Viva Pediatrics is honored to have some of the best therapists in the business. In celebrating Better Hearing and Speech Month we asked a few of our Speech Language Pathologists to share more about their role as an SLP. This blog features our very own Dr. Paula Kay Van Houten Ed.D, CCC-SLP. We wanted to learn more about the lady with the amazing letters behind her name. Here is what she so graciously shared with us, so we can share with you. Thank you Paula for being an allstar!
Why do you decide to persue a career as a Speech Language Pathologist (SLP)
I went into the Communication Disorders program as an undergraduate with the intention of going on to a deaf education/translator program. For a long time I had wanted to work as a medical interpreter. My undergrad program was absolutely amazing and provided me with so many opportunities to do therapy before graduating. By the time I completed my Bachelor’s degree I had fallen in love with therapy and saw all the potential opportunities for serving others and making a difference for children and their families.
What is your favorite part of being an SLP?
There are so many fun aspects to being an SLP it is hard to pick out my favorite. The kids are so fun and always keeping me on my toes. I think the most amazing part of the job is getting to experience those “firsts” with families. Hearing a child say “mama” or “dada” for the first time after the parents have worried so much about development is a truly beautiful experience. Being able to feed a child who may be 2 or 3 years old and never had the opportunity to eat by mouth brings so much joy to the family. It really is a bonding and somewhat intimate time for parents and their child. I feel privileged to be able to be a part of that milestone.
Please share one success story that stands out in your SLP career.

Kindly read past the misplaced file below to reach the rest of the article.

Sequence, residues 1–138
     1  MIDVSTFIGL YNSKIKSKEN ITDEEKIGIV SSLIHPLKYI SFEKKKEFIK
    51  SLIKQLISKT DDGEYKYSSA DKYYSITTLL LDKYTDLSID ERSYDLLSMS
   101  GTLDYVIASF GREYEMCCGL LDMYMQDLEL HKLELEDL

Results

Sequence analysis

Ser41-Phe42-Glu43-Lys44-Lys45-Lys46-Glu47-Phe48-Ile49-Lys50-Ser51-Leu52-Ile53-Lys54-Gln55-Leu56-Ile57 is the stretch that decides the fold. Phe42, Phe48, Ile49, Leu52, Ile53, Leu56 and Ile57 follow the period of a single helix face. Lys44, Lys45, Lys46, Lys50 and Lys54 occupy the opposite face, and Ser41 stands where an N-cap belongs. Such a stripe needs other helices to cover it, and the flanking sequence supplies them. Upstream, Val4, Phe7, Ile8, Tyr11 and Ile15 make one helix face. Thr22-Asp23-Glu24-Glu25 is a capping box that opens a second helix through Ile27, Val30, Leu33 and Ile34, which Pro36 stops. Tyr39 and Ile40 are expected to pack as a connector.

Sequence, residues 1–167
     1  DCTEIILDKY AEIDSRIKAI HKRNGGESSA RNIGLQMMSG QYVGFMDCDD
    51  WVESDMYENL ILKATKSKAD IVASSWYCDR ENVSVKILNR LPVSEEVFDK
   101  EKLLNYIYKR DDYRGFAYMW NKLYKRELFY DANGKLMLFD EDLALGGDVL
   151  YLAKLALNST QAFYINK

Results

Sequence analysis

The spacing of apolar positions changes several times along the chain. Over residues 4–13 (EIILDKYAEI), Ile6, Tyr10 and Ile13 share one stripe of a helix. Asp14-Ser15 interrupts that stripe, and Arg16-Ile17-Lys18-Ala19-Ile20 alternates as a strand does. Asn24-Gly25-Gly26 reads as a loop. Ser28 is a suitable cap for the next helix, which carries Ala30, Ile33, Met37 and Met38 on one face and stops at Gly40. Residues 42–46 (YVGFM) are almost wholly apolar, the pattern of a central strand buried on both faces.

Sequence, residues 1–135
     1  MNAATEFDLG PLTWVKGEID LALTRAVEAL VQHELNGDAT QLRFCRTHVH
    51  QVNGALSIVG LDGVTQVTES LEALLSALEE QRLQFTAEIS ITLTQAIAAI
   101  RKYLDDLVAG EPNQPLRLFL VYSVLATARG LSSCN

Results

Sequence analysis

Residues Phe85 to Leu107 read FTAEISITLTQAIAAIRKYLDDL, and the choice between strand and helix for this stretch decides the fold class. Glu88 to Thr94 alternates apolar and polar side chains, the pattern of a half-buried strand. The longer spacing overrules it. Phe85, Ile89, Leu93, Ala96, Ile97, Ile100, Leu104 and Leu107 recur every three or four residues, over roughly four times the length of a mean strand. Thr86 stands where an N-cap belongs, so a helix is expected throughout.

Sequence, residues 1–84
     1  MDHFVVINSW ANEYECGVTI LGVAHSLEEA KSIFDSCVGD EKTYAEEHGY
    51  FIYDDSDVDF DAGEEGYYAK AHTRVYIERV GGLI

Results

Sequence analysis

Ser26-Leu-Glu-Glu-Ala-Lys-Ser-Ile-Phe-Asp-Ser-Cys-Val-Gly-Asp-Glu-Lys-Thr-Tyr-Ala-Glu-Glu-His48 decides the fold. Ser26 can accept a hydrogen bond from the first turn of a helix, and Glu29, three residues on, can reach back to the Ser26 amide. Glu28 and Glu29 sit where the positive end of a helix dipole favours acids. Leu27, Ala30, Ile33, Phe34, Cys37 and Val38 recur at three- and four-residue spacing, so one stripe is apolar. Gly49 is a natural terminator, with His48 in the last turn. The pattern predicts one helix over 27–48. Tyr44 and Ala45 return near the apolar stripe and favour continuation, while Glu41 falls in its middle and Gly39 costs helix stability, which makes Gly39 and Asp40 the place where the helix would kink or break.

In thinking about a success story I’ve had with a Patient, I have to reflect on a little girl named Samantha who has Down Syndrome. I met her when I was first out of graduate school and she was 4 years old. She and I worked together for nearly two years, after which I moved on to a different work setting. She was one of those kids who I loved and knew would always hold a place in my heart. Then three years ago I got a message through social media from Samantha’s mom. She reported that they had seen a number of therapists through the years and never found anyone who connected with Sam the way that I had. She asked how they could get me back on Samantha’s team. I began seeing her through home health visits. Samantha was now 14 years old and had grown into a beautiful young woman. She and I worked on her language skills, articulation skills, and feeding abilities. Samantha has done public speaking in Washington DC and just recently led the Pledge of Allegiance at the Special Olympics. She is an amazing young lady who is just finishing up her first year in high school. I truly feel honored to have been part of her life and her journey in helping her develop her speech and language abilities.